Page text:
Assumptions: There is no one reality for a theory to capture.  There is no one understanding.  Meanings and reality change across people, place and time.  Need to let reality, not apriori theory, drive understanding (grounded theory).  Researcher values enhance/shape the study.

Process of research unfolds as: research q → method → theory


A problems or topic of study cannot be broken down into parts.  You have to observe the topic/problem in its natural form.  


Examples of Qualitative Research:

Questions that ask “why?” or “ how does something occur”?  Also use if the topic is too complicated to develop survey type questions about, or you don’t know enough about the topic to write questions about.


Includes interviews, observation, historical/comparative, content analysis, case studies.



Quantitative Answer: 10 points total

Qualitative Answer: 10 points total

+5 points: Student’s explanation of quantitative research conveys understanding of main tenets of quantitative research. 

+5 points: Student’s explanation of qualitative research conveys understanding of main tenets of qualitative research. 

+5 points: Student identifies examples of quantitative research: surveys, experiments, types of questions best answered by quantitative methods.

+5 points: Student identifies examples of qualitative research: interviews, observation, historical/comparative, types of questions best answered by qualitative methods.

-2 to -5 points for minor mistakes.


What is the role of the major theoretical frameworks in research?  Use examples.



Theory frames how we think about or see a topic.  As such, theory influences which topics we choose to study.


Theory influences how we interpret past research findings.


Theory influences choice of research method:  Functionalist and Conflict approaches to topics tend to use quantitative methods.  SI approaches tend to use qualitative. 


Inductive/Qualitative Research: Theory plays a bigger role after data is collected and researcher is making sense of the data observed/collected.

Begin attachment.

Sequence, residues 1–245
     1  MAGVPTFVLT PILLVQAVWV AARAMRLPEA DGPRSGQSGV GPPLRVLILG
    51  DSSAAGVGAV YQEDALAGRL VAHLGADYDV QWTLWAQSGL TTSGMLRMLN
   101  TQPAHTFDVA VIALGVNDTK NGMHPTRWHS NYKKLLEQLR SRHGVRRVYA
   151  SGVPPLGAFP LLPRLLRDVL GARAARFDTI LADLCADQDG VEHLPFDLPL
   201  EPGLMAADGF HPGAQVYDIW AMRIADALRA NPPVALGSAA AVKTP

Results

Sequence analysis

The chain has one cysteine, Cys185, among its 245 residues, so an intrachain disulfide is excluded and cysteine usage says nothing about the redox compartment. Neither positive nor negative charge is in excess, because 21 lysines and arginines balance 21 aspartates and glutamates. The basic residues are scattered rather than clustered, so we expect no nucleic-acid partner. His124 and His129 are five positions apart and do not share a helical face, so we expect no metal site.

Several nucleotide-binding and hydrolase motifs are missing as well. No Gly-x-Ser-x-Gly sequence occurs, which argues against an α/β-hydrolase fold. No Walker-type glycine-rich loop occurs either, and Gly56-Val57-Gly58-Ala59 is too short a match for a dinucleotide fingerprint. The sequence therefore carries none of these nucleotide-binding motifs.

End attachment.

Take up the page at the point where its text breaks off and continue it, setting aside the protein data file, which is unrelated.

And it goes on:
Process of research unfolds as: research q → method → theory


Deductive/Quantitative Research: Theory plays a biggest role at beginning and end of research.  Quantitative research begins with a theory to test, and ends by revising the theory based on the study findings.


Process of research unfolds as: theory → research q → method → theory




+5 points: Student provides general description of how theory influences research topic chosen.

+5 points: Student identifies that theory influences choice of research method.

+5 points: Student identifies role of theory in quantitative/deductive research.

+5 points: Student identifies role of theory in qualitative/inductive research.



-2 to -5 points for minor mistakes.





A local PTA hires you to identify what services and programs parents would like the PTA to provide. What method would you use to help answer their question?  How would you use this method?

Based on what students know thus far in the course, the best methods are probably a mail or telephone survey.  But, you could also do qualitative/in-depth interviews.  (Focus groups would be good but the students don’t know much about them yet.)  Methods that would not work include experiments, observation, historical/document analysis, secondary data.


Process Involved =

a.         Clarifying the PTA’s questions – what they want to know, what they want to do with data.

b.         Learn what else is known on this question or problem.

c.         How you would collect data using this method.



Choice of Reasonable Method = +5 points 

Logical Explanation of Why Chose this Method = +5 points

Description of How to Use Method = +10 points

·          5 points if student doesn’t convey a clear understanding of the process involved in using the method identified.

·          -2 to -5 points for minor mistakes.